By Rachel Roberts
From plastic bags, credit cards, Ziploc™ bags, cell phones, hospital IVs, food packaging, and water bottles, plastic is an incredibly convenient material, and found in almost every aspect of our lives. In California, residents use over 19 billion plastic grocery and merchandise bags each year. That totals to about 552 bags per person, and generates about 137,038 tons of waste, enough to stretch around the globe over 250 times. It is estimated that the total amount of plastic manufactured in the first 10 years of the 20th century, will approach the total amount produced in the entire previous century.
The Great Pacific Garbage patch is home to about 4 million tons of plastic litter—and it’s almost the size of Texas. This vortex, in the middle of the Pacific Ocean, is heavily polluted with bits of packaging, plastic bags, cigarette lighters, and used diapers. Eighty-six percent of our ocean debris is plastic. Currently, broken plastic pieces outweigh surface zooplankton 6 to 1. Although the Great Pacific Garbage patch is the most commonly studied and reported marine garbage dump, similar garbage patches exist in both the Indian and Atlantic oceans; and this does not even take into account the plastic that sinks down to the ocean floor.
The unfortunate truth is that most plastic does not biodegrade, and no naturally occurring organism is able to break it down. Although plastic is able to break into smaller and smaller pieces, not even plastic dust is able to biodegrade. Many plastics remain in the environment for centuries. This can be problematic as birds and marine animals often mistake plastics as food. According to many marine conservation groups, more than a million seabirds, and 1,000,000 mammals and sea turtles die annually from entanglement or ingestion of plastics.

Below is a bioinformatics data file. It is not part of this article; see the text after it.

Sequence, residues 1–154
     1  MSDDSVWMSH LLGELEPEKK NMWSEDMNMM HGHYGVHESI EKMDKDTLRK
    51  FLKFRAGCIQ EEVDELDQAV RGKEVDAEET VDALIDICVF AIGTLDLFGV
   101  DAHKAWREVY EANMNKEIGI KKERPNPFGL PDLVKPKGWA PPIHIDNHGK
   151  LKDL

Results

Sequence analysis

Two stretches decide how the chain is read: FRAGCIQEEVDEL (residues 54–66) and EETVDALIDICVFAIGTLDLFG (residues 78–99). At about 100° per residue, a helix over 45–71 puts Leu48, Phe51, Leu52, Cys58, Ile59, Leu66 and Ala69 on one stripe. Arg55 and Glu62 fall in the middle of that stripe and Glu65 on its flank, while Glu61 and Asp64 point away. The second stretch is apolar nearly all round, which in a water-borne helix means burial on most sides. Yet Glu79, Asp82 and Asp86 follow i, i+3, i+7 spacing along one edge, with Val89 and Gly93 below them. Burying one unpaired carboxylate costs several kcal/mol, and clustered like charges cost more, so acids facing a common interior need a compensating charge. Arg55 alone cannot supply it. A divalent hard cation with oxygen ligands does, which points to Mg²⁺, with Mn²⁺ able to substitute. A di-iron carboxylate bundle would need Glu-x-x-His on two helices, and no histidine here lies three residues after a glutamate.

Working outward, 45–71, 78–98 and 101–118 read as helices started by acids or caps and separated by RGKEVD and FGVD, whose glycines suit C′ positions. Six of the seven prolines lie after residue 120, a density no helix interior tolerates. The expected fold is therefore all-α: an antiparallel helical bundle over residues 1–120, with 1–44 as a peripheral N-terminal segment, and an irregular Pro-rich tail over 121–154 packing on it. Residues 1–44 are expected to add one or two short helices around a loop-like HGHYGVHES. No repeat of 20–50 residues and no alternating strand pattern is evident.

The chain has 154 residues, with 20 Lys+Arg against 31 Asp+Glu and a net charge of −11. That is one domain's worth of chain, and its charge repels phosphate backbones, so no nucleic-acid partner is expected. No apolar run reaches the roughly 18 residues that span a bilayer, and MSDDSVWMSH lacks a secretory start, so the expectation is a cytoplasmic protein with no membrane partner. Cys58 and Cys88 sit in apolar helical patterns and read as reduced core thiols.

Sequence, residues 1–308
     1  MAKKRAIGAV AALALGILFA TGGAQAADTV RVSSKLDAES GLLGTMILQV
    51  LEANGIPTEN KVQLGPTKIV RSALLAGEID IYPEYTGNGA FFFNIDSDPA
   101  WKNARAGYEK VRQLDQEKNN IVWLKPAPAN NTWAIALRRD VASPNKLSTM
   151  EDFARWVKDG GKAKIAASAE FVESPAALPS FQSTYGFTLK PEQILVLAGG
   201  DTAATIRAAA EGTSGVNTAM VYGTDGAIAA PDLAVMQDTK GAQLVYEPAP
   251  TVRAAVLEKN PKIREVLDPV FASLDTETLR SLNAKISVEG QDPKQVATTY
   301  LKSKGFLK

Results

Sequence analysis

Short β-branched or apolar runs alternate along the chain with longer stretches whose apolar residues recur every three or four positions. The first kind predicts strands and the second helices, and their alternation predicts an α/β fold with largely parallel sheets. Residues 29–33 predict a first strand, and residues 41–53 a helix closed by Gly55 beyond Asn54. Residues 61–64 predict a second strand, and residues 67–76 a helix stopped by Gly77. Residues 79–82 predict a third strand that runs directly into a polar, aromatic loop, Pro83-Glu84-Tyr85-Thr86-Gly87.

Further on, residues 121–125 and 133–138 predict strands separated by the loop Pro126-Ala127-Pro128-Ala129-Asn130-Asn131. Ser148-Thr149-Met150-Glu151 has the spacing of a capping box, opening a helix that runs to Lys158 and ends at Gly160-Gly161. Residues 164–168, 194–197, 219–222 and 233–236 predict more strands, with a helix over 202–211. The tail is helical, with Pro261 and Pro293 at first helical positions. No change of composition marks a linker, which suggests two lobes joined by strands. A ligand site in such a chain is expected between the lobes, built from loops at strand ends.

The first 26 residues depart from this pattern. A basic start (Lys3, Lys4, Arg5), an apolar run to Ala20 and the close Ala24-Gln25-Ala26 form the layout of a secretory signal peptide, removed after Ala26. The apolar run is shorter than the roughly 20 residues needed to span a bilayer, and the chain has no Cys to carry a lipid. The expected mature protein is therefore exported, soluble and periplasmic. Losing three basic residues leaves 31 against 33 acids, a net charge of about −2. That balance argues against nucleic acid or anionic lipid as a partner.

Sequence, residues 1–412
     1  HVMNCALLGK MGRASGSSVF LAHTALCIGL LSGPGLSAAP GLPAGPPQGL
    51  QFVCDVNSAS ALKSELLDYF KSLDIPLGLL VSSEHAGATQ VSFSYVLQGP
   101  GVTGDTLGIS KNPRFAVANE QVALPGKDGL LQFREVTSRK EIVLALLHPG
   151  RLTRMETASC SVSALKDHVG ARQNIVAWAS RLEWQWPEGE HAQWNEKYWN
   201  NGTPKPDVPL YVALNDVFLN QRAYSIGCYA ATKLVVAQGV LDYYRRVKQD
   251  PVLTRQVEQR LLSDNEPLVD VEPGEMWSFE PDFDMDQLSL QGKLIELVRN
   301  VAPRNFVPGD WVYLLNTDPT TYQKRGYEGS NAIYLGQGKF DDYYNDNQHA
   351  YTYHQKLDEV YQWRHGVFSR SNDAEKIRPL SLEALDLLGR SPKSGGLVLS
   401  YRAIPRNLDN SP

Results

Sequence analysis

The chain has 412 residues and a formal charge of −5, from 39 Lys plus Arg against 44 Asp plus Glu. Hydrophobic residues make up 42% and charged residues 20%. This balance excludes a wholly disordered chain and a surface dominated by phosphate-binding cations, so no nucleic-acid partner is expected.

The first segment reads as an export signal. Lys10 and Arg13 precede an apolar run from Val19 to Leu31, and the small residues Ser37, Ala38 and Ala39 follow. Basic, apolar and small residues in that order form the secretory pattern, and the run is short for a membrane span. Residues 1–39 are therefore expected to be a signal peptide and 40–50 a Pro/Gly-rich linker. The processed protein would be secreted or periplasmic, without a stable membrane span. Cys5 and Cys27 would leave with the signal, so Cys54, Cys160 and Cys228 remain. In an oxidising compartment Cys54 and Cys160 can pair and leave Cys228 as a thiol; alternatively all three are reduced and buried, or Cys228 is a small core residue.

Plastic impacts more than just marine mammal and bird health; plastic bags often “suffocate” coral by wrapping around the living corals and eventually killing them. Human bodies can also absorb the chemicals added to plastics. Some of these chemicals have been found to alter hormones, and have adverse impacts on human health. Furthermore, plastics buried deep in landfills can leak harmful chemicals, which could potentially spread into groundwater aquifers.
David Barnes, an author and researcher for the British Antarctic Survey, has called plastic the cause of, “one of the most ubiquitous and long-lasting recent changes to the surface of our planet.” An easy way to limit the consumption of plastic bags is simply to start bringing reusable bags whenever you go shopping. Another easy lifestyle change is to start bringing a water bottle or thermos instead of buying plastic water bottles at the store. Check out the Sustainable World Coalition’s Sustainable World Sourcebook for more tips and ideas about how to reduce plastic use!
“Environment: Healing the Web of Life.” Sustainable World Sourcebook: Critical Issues, Viable Solutions, Resources for Action. Berkeley, CA: Sustainable World Coalition, 2014. 37-39. Print.
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